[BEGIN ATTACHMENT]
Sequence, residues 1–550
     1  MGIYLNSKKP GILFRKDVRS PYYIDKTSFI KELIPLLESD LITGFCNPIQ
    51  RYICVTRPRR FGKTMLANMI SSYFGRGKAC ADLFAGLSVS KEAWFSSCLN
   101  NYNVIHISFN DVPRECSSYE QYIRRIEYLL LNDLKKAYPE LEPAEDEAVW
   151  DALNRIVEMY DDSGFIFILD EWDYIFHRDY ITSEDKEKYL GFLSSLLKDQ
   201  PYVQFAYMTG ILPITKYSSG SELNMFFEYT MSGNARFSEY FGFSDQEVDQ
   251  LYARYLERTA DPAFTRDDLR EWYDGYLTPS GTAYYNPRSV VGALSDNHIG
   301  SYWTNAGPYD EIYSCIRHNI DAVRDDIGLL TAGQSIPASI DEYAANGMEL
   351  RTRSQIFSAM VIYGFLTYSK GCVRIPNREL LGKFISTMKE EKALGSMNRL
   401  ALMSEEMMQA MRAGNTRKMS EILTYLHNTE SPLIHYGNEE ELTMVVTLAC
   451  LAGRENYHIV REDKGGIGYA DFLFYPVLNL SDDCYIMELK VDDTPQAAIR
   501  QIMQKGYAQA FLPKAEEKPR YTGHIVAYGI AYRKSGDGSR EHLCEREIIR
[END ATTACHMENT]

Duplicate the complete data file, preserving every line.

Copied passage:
Sequence, residues 1–550
     1  MGIYLNSKKP GILFRKDVRS PYYIDKTSFI KELIPLLESD LITGFCNPIQ
    51  RYICVTRPRR FGKTMLANMI SSYFGRGKAC ADLFAGLSVS KEAWFSSCLN
   101  NYNVIHISFN DVPRECSSYE QYIRRIEYLL LNDLKKAYPE LEPAEDEAVW
   151  DALNRIVEMY DDSGFIFILD EWDYIFHRDY ITSEDKEKYL GFLSSLLKDQ
   201  PYVQFAYMTG ILPITKYSSG SELNMFFEYT MSGNARFSEY FGFSDQEVDQ
   251  LYARYLERTA DPAFTRDDLR EWYDGYLTPS GTAYYNPRSV VGALSDNHIG
   301  SYWTNAGPYD EIYSCIRHNI DAVRDDIGLL TAGQSIPASI DEYAANGMEL
   351  RTRSQIFSAM VIYGFLTYSK GCVRIPNREL LGKFISTMKE EKALGSMNRL
   401  ALMSEEMMQA MRAGNTRKMS EILTYLHNTE SPLIHYGNEE ELTMVVTLAC
   451  LAGRENYHIV REDKGGIGYA DFLFYPVLNL SDDCYIMELK VDDTPQAAIR
   501  QIMQKGYAQA FLPKAEEKPR YTGHIVAYGI AYRKSGDGSR EHLCEREIIR